To say that we are living through precarious times seems to be an understatement. Whether one lives in the so moniker’d “developed world, emerging, or frontier” there seems to be one constant currently: No one seems to be able to accurately ponder what tomorrow may bring, whether its political, economical, social, or combination there of.
The only thing constant right now is one of two things: Either, further instability is on the horizon. Or, complete and utter chaos is already knocking on the door. (See Kim Jong-un or Robert Mugabe for clues.)
Stability, the once deemed word for progress throughout civilized society now seems, to have devolved to mean, at what point of the instability around them they’re currently coping with. i.e., If you’re currently muddling through economically while dodging being a statistic, as the term goes, that currently means you, or your situation, is currently “stable.”
This now applies to not only people, but business, as well as politics worldwide. If you think I’m exaggerating? Hint: Hollywood. Need I say more?
However, there has been one outlier, for the most part, which seemed to skirt around all the current chaos, relatively unscathed. That would be Silicon Valley and all its ancillary provinces aka “Disruptive Tech.”
So far the coveted group known collectively as “FAANG” (e.g., Facebook™, Apple™, Amazon™, Netflix™, Google™) seems to have held the “barbarians at the gates” known as investors relatively at bay, or “stable” in their positions, if you will. What has been, anything but, is their cohort of IPO brethren that were supposed to have joined them.
“The Valley” seems to fit nicely as a moniker for a now self-recognized nation-state, after-all, if you include the market cap of these and a few others (e.g., Tesla™ and more) their combined valuations rival those of sovereign nations.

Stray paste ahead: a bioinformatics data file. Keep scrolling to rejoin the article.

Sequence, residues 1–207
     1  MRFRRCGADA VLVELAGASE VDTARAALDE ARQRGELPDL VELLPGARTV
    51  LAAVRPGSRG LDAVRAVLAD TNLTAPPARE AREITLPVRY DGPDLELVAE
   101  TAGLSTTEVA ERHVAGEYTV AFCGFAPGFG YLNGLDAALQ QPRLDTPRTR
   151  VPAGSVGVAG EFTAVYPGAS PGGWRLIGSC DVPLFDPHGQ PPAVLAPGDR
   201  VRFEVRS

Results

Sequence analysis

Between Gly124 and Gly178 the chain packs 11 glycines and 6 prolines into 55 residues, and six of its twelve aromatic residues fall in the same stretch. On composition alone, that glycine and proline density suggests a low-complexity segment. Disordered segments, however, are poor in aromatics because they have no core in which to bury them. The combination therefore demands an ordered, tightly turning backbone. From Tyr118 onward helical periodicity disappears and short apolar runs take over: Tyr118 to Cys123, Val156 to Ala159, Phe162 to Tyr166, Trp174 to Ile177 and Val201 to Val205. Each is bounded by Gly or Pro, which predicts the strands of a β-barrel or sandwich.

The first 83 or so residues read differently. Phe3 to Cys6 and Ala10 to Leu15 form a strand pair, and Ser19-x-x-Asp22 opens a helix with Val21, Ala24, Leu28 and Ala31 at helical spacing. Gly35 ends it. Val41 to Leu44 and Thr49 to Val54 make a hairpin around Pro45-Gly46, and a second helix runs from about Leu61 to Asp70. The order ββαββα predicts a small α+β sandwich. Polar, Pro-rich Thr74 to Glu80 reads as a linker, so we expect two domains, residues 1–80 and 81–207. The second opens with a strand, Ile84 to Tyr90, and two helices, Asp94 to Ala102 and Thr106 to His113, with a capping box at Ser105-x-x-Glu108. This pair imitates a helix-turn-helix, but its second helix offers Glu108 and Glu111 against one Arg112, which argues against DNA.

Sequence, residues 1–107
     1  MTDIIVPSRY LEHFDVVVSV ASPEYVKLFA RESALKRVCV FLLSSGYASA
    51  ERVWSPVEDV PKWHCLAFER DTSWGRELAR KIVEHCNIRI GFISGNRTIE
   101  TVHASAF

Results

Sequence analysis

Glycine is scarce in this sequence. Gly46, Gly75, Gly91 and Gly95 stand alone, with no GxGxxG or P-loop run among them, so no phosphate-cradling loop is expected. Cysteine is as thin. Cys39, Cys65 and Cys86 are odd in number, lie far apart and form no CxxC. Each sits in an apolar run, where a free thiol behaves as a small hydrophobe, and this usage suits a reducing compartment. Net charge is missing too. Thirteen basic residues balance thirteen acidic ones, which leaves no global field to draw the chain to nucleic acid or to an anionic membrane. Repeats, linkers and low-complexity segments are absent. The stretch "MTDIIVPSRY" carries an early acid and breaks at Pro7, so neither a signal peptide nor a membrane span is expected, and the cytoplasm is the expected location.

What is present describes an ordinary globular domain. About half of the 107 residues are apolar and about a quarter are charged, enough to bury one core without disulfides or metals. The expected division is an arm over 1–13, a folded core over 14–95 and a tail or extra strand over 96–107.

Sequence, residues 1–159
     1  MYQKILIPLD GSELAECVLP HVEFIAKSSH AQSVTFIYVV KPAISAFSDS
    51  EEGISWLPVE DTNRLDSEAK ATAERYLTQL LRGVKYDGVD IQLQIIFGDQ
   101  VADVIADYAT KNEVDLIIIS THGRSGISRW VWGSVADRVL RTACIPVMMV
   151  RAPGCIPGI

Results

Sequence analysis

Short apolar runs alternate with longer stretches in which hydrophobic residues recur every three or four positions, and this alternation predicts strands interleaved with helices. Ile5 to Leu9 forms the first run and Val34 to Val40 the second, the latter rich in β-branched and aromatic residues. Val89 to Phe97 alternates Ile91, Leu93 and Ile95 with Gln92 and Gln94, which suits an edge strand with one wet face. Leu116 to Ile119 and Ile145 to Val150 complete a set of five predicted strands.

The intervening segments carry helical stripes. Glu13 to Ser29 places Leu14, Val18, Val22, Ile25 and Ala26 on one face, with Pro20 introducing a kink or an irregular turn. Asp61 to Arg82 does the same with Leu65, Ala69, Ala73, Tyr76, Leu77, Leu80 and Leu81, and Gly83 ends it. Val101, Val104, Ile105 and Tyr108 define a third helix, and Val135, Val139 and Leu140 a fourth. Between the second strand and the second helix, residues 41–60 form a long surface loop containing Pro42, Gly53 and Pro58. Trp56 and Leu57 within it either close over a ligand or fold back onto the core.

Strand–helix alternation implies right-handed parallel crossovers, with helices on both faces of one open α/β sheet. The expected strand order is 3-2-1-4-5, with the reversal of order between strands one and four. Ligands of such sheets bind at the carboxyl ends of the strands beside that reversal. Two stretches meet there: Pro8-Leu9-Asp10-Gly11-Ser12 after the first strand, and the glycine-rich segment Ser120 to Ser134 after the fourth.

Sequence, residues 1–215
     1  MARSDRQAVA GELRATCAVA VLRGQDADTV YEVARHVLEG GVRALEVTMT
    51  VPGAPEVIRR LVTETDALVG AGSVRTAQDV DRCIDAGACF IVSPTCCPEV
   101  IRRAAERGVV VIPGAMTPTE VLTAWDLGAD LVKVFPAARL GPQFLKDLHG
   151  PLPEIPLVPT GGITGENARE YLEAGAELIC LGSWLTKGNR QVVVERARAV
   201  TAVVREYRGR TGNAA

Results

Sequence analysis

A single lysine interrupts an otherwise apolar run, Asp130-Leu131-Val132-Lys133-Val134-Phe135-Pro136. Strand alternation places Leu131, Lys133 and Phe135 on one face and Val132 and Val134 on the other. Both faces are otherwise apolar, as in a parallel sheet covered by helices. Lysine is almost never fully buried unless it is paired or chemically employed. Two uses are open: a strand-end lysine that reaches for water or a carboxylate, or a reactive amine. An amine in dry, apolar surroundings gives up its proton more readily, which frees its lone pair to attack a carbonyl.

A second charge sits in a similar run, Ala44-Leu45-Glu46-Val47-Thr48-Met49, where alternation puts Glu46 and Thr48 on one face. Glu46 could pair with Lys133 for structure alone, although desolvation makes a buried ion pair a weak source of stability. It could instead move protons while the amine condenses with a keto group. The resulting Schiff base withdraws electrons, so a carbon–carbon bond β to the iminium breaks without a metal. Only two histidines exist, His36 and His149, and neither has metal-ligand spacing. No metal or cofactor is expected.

For all intents and purposes one could say they’re already developing and embracing their own newly formed currency, aka “Bitcoin™.” All that’s needed would seem is proposing a charter, and recognition.
And that’s why it’s all about to burst, in my opinion. All of it. Why?
Just as there are always clues, it’s in the consistency of further developments, along with weighing any prior, coupling them with the current, then trying to extrapolate whether or not they still stand, or are valid. This is the work most people (especially those paraded across the sycophantic mainstream business/financial media) won’t do. And not doing so for many – as of today – will have ramifications, maybe for a lifetime.
So what’s the “Why?” Of course, it’s only my opinion, but I stand behind it more fervently than ever before. And it is this…
“The Valley” (and its entire ancillary complex aka “the disruptor class”) is on the verge of receiving a wake up call, the likes, that may make the dot-com era look relatively “stable” in hindsight.
To use the political as an analogy, let’s just say, I believe the newly formed “nation-state” of FAANG will have much more in common with the turmoil in Brazil, Spain, Venezuela, and a few others in the coming months as it continues to desperately cling to the mythical Utopia of magical creatures known as unicorns, and cash out riches known as IPO’s. That “Utopia” has already been found to be a Potemkin Village made of spreadsheet papier-mâché analysis and valuation metrics, not worth the digital paper they’re written on.
But what has been far more important over the last few years is this:
Every-time a unicorn has rung its IPO bell – it’s been marched subtly off the so-called “trading floor”, directly to the glue factory door, onto another floor, aka the “killing floor.” Where it and its so-called “lucky” IPO debut investors, along with their wallets, met the same fate.
It’s been a “rinse floor and repeat” proposition going now for nearly 3 years. You know what else happened about 3 years ago? Hint: Quantitative Easing (QE) officially ended. I’ll contend that’s causation, not correlation. A very important distinction and difference, along with what it portends going forward. For as I iterated prior – there are always clues.
Back in April of 2015 as the effects of QE3 had yet to be realized (official end was Oct/Nov 2014) “The Valley” was still in complete euphoric mode. It was during this period I penned the following:
From the article, “Bubble Confirmed: From Sock Puppets To Action Heroes” To wit:
If the stresses now rearing their head within the markets continue I’ll make a prediction.
What you’ll not find more of going forward is VC’s strewn across the skies dawning capes and spandex searching through an ever-expanding universe of start-ups to fund. No. What you’ll find is a lot of the once so-called “wonder companies” that were previously funded desperately seeking additional funding of any type possible. Not to expand, or to buy the next greatest “eye balls for dollars model” to compliment their existing “now desperately seeking eyeballs for dollars” model.